What Did Virginia Apgar ’29 Carry in Her Medical Bag?
Dr. Virginia Apgar ’29 is most known for changing the landscape of obstetric medicine with her invention in 1952 of the Apgar Score, the first standardized method for evaluating newborn health.
But do you know what she carried in her medical bag?
Mount Holyoke Archives and Special Collections does. In fact, they are in possession of Apgar’s medical bag, which she used throughout her forty-year career until her death in 1974. Filled with equipment and medicines, the bag gives a peek into the work and possible day-to-day life of one of the world’s premier physicians and anesthesiologists.
Inscribed with the gold initials V.A., the black leather zipper bag contains medical equipment including a blood pressure cuff, medical clamp, and what may be a few oropharyngeal airway devices (OPAs). According to the Archives, Apgar carried these OPAs with her at all times, either in her medical bag or in her purse. A friend once noted she even carried them “when dressed for opening night at the NYC opera; they were used for resuscitation a number of times.”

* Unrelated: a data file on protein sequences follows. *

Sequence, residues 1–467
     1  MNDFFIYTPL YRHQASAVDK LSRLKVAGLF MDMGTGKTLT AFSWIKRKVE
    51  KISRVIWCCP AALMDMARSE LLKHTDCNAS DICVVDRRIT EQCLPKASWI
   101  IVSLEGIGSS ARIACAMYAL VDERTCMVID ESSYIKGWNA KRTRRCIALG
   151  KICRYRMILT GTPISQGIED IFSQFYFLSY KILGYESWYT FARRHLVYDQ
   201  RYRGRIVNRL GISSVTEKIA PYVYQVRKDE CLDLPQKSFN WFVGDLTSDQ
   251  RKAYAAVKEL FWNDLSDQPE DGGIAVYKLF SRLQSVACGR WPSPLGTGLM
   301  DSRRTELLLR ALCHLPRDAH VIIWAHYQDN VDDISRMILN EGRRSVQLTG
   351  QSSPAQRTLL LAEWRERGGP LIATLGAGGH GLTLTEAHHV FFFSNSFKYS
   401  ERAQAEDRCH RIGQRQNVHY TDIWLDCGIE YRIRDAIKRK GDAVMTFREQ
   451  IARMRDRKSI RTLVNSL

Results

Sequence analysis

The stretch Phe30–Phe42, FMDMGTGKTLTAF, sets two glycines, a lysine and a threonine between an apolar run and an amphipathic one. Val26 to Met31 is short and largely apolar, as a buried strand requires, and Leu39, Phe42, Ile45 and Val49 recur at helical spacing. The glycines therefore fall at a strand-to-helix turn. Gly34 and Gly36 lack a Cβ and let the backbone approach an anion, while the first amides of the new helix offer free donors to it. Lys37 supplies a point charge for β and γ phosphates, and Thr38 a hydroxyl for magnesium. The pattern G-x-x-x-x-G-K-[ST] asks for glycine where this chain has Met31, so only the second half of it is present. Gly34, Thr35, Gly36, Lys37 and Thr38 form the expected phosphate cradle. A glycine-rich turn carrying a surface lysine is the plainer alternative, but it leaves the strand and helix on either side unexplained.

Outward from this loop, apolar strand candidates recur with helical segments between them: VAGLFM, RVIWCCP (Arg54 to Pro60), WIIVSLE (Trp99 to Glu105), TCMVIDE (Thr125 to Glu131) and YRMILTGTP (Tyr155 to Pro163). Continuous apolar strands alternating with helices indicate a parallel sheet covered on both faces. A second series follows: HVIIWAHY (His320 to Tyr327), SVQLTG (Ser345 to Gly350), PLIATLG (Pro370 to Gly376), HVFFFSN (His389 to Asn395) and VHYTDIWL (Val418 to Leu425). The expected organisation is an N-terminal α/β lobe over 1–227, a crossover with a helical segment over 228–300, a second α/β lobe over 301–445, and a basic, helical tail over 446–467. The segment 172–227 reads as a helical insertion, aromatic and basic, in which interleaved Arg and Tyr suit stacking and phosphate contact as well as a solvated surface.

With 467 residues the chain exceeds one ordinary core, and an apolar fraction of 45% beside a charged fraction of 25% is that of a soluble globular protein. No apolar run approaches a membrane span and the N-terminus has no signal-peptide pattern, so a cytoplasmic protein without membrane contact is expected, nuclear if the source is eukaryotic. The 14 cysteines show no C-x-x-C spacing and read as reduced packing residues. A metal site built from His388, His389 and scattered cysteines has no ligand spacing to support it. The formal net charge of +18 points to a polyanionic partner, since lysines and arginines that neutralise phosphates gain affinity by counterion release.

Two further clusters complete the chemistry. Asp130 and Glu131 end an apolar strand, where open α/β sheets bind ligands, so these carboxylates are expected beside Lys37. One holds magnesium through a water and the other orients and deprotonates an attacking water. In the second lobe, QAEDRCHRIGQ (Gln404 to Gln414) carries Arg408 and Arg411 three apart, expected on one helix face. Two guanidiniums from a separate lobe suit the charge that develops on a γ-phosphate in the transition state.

Other items in the bag include vials of ephedrine sulfate injectors, ready for instant use to counteract an asthma attack or treat a drop in blood pressure; a bottle of Seconal Sodium, a depressant primarily used to calm the central nervous system; and a box of film most likely intended for a Kodak Kodaslide stereo slide viewer—similar to the viewfinder toys popular with children for generations—with the words “Lungs” and “For Thursday Evening” written in pencil on the front of the box.
While most of the items are not surprising for an anesthesiologist to have on hand, we can only guess the films could be of samples belonging to a patient, with whom Apgar may have met or treated on a Thursday night.
The bag and its contents are just a small part of the Archives’ extensive Apgar collection, which includes diaries, scrapbooks, and sound recordings, among other documents and items.
—By Jess Ayer
—Photos by Deirdre Haber Malfatto
This article appeared as “Tools of a Trailblazer” in the fall 2017 issue of the Alumnae Quarterly.
October 13, 2017